This Grocery Merger Would Be Bad News For Food Prices and Families
Published Nov 7, 2022
This October, Kroger and Albertsons announced intentions to merge. If they do, CEOs will make billions while driving up food prices for working families.
Editor’s Note: A version of this article originally appeared on Food & Water Action’s website (our affiliated organization).
We have enough to worry about these days, from conflict abroad and at home, to climate-fueled natural disasters. Going to the grocery store has become yet another daily anxiety for more of us than ever, as prices rise higher and higher.
But if a proposed merger between two grocery giants goes through, prices will rise even more.
In October, media outlets began reporting merger negotiations between Kroger and Albertsons, two of our country’s largest grocery store chains. The deal would net Kroger a cool $24.6 billion, with big payouts to the Albertsons CEO and its private equity owner. Meanwhile, the resulting Kroger behemoth could wield its new power to squeeze working families and entire communities.
Grocery Stores Gobble The Market Through Mergers
Already, a handful of corporations dominate the grocery sector. Currently, over two-thirds of grocery sales in the U.S. go to five corporations, and a Kroger-Albertsons merger would make that four.
These corporations hide their outsized power in the market from consumers by buying up subsidiaries with different names. While you can shop at a Ralph’s, a Food 4 Less, or a Smith’s Food and Drug, the profits funnel into the same company—Kroger.
In recent years, mergers and acquisitions have become more outrageous. But judges and the federal agencies charged with protecting consumers seem not to care. In the past decade, they gave a pass to some of the largest mergers in history. Now, food giants tower over those of the trust-busting era that gave rise to our consumer protection agencies in the first place.
Grocery Monopolies Choose Profit Over People
The U.S. first began busting trusts, or monopolies, back in the early 1900s because it recognized how they harm the economy. Market power allows corporations to profit at the expense of smaller companies, consumers, and regional economies.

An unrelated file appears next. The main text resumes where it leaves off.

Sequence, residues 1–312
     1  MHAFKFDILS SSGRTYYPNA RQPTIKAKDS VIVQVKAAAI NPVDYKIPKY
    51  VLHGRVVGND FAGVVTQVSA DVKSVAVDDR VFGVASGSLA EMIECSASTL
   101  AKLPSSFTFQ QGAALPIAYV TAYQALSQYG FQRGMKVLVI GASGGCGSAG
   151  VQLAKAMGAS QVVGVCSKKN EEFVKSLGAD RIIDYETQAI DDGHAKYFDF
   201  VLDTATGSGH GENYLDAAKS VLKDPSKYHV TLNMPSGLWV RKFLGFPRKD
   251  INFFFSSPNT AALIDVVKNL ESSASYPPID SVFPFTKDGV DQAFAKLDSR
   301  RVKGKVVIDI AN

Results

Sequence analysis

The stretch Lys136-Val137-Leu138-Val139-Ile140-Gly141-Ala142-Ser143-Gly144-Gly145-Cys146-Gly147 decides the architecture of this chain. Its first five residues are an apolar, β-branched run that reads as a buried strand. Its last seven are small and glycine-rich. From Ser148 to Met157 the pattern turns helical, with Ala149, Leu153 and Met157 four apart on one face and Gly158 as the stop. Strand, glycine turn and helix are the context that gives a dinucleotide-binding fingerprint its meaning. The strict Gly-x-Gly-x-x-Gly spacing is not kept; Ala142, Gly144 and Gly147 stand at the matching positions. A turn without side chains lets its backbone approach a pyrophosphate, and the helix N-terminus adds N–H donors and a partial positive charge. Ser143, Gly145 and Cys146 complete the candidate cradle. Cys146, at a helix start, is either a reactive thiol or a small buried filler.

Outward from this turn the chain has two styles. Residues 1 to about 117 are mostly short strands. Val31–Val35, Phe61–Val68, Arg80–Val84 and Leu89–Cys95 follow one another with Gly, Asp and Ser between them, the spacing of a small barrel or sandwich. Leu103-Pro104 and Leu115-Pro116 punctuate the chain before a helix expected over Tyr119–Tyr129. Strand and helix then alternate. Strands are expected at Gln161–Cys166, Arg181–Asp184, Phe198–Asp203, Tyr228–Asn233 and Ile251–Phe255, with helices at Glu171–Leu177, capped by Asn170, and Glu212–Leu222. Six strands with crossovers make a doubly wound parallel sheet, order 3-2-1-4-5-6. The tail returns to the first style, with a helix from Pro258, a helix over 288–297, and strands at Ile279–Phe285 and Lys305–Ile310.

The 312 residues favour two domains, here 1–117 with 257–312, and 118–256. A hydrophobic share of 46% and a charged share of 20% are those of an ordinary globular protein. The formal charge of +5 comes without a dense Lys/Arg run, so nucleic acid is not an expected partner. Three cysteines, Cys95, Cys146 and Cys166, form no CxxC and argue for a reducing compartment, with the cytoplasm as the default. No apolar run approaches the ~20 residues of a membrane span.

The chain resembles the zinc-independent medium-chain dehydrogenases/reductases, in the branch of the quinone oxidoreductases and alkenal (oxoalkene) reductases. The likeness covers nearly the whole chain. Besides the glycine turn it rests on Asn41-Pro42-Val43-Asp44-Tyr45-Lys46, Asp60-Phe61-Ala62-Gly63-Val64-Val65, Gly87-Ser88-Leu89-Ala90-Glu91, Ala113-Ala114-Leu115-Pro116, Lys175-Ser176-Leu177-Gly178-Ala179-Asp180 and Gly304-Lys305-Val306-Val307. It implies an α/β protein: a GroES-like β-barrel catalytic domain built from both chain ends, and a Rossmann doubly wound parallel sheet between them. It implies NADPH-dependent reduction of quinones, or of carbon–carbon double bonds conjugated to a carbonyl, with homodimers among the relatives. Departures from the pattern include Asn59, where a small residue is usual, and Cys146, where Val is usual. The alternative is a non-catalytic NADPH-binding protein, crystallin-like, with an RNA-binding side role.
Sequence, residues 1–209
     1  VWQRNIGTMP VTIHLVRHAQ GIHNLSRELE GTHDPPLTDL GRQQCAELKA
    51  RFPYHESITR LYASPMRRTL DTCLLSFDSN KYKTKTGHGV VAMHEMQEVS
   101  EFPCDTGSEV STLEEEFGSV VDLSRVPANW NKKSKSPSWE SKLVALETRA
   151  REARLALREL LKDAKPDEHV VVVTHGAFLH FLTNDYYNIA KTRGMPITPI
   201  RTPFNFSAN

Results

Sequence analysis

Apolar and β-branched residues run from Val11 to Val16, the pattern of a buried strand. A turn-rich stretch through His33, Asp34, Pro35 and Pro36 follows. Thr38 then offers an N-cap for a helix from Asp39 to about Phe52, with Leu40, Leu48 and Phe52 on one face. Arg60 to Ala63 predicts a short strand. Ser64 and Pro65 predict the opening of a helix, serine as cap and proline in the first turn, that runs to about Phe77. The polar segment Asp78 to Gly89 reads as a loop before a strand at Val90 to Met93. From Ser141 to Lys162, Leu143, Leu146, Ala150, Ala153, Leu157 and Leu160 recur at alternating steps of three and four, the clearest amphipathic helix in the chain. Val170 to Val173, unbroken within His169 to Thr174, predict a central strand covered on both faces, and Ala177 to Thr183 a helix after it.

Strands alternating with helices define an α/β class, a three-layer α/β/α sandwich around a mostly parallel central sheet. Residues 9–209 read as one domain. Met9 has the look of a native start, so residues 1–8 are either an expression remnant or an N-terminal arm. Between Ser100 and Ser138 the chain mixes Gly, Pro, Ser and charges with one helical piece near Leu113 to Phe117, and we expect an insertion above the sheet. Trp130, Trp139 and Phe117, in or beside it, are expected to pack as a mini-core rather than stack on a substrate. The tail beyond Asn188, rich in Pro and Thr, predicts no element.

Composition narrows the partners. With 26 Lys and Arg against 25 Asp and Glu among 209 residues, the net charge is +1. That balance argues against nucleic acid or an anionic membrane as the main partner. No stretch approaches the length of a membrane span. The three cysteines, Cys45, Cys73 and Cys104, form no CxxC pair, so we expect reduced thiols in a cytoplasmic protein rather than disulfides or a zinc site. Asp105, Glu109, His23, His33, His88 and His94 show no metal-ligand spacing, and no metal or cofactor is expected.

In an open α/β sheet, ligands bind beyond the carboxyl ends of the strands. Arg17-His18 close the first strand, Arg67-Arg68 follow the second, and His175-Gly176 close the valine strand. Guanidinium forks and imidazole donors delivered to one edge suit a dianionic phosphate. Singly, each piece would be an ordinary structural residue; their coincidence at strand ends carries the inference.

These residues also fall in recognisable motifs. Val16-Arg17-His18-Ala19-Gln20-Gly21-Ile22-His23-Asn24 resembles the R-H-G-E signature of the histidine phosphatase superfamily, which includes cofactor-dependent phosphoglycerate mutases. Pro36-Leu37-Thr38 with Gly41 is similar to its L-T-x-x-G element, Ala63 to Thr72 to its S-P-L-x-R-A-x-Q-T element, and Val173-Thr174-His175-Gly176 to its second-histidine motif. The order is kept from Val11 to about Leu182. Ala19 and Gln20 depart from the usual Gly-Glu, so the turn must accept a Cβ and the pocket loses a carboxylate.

For instance, when grocery corporations grow, they often become the biggest or only buyer in a region. Grocery giants can name the price they pay for goods, ripping off farmers and manufacturers, who must accept whatever they can get to stay afloat.
On the other side of the grocery aisle, these giants can raise prices for shoppers with impunity. Last summer, Kroger’s CEO Rodney McMullen even bragged about hiding behind inflation to raise food prices and boost profits.
At the same time, superstores like Kroger and Walmart beat out smaller, local businesses by lowering prices on key items. These small stores, unable to compete, are forced to shutter.
However, the low prices don’t stick around. In fact, the Federal Trade Commission found that growing market concentration actually leads to higher prices. But by then, consumers have no other choice but to shop at the superstores.
The arrival of such a superstore can have other ripple effects throughout a region. It can lower wages by introducing its own rock-bottom pay schedules to the local labor market. And by shuttering competitors, it can reduce food access to just a single superstore. This especially impacts access for low-income city residents, who are less likely to own cars, as well as far-flung rural communities.
Not Just Groceries — Monopolies Threaten Our Entire Food System
The Kroger-Albertsons merger is only the latest in a long string of threats to consumers throughout our food system. For instance, during the pandemic, meat corporations boosted retail prices while paying farmers less. One meat corporation even lied to the public about meat supplies to keep workers in plants — and money coming in — during the worst of the pandemic.
While clerks and meatpackers risked death by COVID in their workplaces, many corporations limited hazard pay. Instead of keeping workers safe or compensating them fairly, they invested in stock buybacks to generate more cash for shareholders.
Meanwhile, food manufacturers have also consolidated. When it comes to the products we buy at the store, companies like Kraft-Heinz (the two merged in 2015), General Mills, and Campbell Soup dominate multiple food categories like soft drinks, yogurt, and baby food.
And market power goes all the way to farm. A handful of corporations have taken over seeds, fertilizers, tractors, and more. At every step in our food system, from factory farm, to factory floor, to our kitchen tables, a handful of companies make the rules.
This not only affects the prices at the grocery store, but conditions for workers, the quality of our food, and the sustainability of our climate.
We Can Stop the Advance of Prices and Market Power
Even though the grocery giants say that the merger will help them lower prices for consumers, we know that this merger will only hurt consumers and their communities.
Not only must the Federal Trade Commission throw out the Kroger-Albertson merger — we need to stop corporate greed and consolidation throughout the food system. We need agencies that properly enforce our antitrust laws. We need greater laws that reform our antitrust framework and work to re-envision our food system, like the Food and Agribusiness Merger Moratorium Act and Farm Systems Reform Act.
These are the first steps to achieving a food system that works for everyone, not just corporate giants.
Everyone needs to know: we can tackle rising grocery prices by taking on corporate consolidation.
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